by John Kander and Fred Ebb as told to Greg Lawrence
Faber And Faber
John Kander & Fred Ebb are now so linked that the name of one was once a crossword puzzle clue for that of the other. Best known for Chicago and Cabaret, and arguably second only to Stephen Sondheim among their generation of theatrical songwriters, composer Kander and lyricist Ebb have been collaborating since 1962. In that time they’ve written some of the most successful songs ever to enter the culture, including the title song of Cabaret, “All That Jazz,” from Chicago, “Liza With a Z” and “Theme from ‘New York, New York’.”
Amazon would do well to offer an anthology of their music like And The World Goes ‘Round at a discount with purchase, as that’s the kind of book this is: It sends you mentally scanning through your record collection cursing the fact that more of their musicals are not represented. Presenting the story of their careers in the form of a conversation between them was a good idea, as their dialogue with each other seems to reflect the chemistry of their collaboration: Two distinct voices that sometimes disagree but ultimately come together to tell one tale.
Kander opens by telling the story of writing his first song while still in second grade. It was a Christmas carol, a fine hobby for a nice Jewish boy. This book takes us from there through the Tony-winners, missed opportunities, Kennedy Center Honors, not-bad musicals that still flopped and bittersweet film successes that followed. All done with charming humility that appears to be genuine and imminently satisfying intelligence. For example, Ebb good-naturedly admits he thinks their musical adaptation of the film “Woman of the Year was a mistake…we won Tonys, but mostly because there was nothing much up against us.”
They do not whitewash the difficulties of working with some of their other collaborators, but they don’t sling mud, either. The first and most recent incarnations of Chicago provide telling comparisions. Talking about the original stage production, Kander says much-admired director Bob Fosse thought of himself as a “‘Perfectionist.’ Isn’t that a wonderful word? Most bullies like that will try to justify their behavior that way.” But Ebb tells us he “always thought it was worth it,” adding, “It’s a very complicated issue, isn’t it? There you are working with a man who in your opinion is a bona fide genius, but at the same time…”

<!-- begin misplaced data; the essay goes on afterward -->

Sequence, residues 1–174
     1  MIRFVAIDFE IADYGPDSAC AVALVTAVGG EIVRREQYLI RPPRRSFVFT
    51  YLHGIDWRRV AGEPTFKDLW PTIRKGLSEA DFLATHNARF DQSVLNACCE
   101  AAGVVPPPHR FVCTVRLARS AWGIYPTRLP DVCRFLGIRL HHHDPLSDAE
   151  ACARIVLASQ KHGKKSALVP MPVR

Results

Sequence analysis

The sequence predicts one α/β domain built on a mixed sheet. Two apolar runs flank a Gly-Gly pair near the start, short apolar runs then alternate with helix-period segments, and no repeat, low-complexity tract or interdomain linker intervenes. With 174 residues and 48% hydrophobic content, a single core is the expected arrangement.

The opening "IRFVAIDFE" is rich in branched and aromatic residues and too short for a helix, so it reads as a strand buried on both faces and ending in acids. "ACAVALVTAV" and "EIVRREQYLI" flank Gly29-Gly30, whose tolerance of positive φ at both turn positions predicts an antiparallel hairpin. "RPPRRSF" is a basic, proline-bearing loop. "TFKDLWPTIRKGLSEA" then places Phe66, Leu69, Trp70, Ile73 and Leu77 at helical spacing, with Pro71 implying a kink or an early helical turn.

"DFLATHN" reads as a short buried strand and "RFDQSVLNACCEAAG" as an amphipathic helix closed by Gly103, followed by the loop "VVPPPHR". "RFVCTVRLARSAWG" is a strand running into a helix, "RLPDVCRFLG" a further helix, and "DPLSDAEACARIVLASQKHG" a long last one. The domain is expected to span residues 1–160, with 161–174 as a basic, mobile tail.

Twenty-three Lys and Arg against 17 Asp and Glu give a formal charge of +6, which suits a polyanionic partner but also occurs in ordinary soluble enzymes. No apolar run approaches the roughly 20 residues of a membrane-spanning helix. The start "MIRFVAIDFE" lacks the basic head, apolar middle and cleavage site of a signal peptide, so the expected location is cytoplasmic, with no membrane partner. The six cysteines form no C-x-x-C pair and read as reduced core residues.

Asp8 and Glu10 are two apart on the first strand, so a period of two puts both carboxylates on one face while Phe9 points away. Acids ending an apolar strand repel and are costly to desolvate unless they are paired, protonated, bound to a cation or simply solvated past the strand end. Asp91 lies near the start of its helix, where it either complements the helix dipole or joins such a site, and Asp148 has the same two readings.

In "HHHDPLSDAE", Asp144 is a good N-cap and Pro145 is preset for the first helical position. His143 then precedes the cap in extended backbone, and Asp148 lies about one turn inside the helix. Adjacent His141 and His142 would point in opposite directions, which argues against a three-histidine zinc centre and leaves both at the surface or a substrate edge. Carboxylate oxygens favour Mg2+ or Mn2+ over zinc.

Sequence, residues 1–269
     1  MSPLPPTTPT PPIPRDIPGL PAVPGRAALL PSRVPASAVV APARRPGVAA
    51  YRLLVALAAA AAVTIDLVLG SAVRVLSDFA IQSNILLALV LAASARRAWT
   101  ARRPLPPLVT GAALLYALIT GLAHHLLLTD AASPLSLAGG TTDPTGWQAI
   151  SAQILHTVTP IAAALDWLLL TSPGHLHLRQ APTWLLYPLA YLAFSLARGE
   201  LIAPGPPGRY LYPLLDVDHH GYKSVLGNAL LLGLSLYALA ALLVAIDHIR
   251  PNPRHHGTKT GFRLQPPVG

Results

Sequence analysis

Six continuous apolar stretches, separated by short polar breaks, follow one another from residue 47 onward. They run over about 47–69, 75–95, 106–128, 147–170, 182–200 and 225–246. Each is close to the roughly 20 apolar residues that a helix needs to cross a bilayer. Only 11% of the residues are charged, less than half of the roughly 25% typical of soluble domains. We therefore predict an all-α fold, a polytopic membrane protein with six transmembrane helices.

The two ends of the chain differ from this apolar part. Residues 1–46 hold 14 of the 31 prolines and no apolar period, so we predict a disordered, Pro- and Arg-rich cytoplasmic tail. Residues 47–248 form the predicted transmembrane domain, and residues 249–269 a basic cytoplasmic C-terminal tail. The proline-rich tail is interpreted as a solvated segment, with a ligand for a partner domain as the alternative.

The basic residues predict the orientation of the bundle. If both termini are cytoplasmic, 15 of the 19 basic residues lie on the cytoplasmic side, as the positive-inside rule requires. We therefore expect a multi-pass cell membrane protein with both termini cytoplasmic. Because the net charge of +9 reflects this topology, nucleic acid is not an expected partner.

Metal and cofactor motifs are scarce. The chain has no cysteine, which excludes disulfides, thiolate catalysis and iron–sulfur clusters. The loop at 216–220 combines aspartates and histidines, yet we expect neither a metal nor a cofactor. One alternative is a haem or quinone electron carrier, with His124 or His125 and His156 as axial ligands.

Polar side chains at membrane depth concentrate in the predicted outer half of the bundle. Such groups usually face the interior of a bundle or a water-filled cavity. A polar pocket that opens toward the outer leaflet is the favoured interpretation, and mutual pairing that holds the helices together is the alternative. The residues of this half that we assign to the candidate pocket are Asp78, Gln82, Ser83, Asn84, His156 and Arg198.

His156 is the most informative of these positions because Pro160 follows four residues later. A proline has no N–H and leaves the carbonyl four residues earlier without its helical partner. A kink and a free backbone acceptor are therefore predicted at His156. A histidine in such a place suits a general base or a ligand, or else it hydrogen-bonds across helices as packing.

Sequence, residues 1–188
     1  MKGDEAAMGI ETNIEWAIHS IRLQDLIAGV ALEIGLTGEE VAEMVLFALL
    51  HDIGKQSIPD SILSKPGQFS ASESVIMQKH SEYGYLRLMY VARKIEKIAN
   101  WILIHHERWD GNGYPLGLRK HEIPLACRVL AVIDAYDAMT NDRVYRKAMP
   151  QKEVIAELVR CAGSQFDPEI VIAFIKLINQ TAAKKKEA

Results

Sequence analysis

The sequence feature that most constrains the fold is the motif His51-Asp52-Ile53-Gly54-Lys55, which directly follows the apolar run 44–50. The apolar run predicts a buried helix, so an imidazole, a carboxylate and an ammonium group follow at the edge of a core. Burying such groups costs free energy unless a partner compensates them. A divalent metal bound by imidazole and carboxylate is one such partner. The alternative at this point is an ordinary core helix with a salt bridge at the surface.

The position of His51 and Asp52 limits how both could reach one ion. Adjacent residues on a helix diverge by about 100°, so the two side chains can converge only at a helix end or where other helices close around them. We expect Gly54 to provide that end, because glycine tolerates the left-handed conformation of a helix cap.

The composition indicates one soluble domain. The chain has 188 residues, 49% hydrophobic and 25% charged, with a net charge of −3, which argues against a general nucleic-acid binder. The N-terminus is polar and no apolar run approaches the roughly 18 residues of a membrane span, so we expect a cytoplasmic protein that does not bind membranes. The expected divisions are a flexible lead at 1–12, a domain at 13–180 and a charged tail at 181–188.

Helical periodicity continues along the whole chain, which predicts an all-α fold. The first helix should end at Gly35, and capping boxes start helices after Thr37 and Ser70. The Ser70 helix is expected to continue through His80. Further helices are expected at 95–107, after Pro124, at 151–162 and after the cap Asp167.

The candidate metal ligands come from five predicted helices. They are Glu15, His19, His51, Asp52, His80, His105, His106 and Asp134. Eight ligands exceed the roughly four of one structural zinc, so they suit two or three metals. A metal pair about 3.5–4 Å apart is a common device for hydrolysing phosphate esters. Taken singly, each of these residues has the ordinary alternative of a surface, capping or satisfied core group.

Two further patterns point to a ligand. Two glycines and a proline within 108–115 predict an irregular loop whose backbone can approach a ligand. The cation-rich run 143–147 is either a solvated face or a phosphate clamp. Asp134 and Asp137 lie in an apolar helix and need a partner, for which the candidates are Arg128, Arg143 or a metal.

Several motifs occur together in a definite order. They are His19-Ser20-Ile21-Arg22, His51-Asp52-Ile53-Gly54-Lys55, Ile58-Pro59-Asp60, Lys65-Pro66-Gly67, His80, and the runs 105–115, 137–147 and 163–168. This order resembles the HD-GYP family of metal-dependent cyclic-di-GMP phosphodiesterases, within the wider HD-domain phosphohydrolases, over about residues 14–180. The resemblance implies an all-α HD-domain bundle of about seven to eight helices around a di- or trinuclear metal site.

Both speak with approval and praise of Chicago movie director Rob Marshall’s work, along with that of screenwriter Bill Condon. However, their frustration is evident when talking of Harvey Weinstein and Sony, who insisted on placing a song Kander & Ebb did not write on the soundtrack album. Ebb says: “Miramax kept hedging their bets… the way we were treated personally — that was not a pleasant experience.” As a result, he concedes he doesn’t “have the kind of joy I would have had [from the success of the film and record] if all this hadn’t happened along the way. But it did happen and I don’t have the charity in me to forget it.”
I don’t want to give the impression that this book is made up of a lot of groaning, so let me mention that I laughed out loud more reading this book than any other in recent memory. Like most show folk, Kander & Ebb love a good actor story; keep a special eye out for an anecdote involving the late David Burns, Carol Channing, and a vasectomy.
Ebb’s quick-witted lyrics are quoted throughout, including a very funny song about… heh… critics called “What Kind Of Man,” from a work in progress about a theater company:
“What kind of man would take a job like that?/ What kind of snake would drive the stake like that?/ Who could be jerk enough?/ Hard up for work enough?/ To want a job like that?”
Then, Ebb explains, “the tone suddenly changes after a member of the company reads a good review…”
“What kind of genius has a mind like that…”
This being a book, quotation is of course not a venue available to Kander–you see why I want a CD to come with it? But the composer doesn’t lose out; in fact, he shows himself to be nearly as skilled with words as his partner, in conversation. Perhaps this shouldn’t surprise me. The author and screenwriter William Goldman, who went to college with Kander, has written of his frustration at the ease with which the future composer wrote A+ stories for writing class, while Goldman was still struggling.
Kander & Ebb finish up their book by expressing concern but not despair for the changes on Broadway — most prominently the question of where does young talent get a place to work? — and the inspiration (or lack of same) they find in the current scene. Looking to the future and new musicals on which they are currently working, Kander concludes, “We can only speak our own language and write in our own style, as we always have.”
This book, spoken in their own language and written in their own style, is highly, highly recommended. If nothing else, you’ve got to read it so you can hear about how Ebb once mistook Lauren Bacall for James Coco.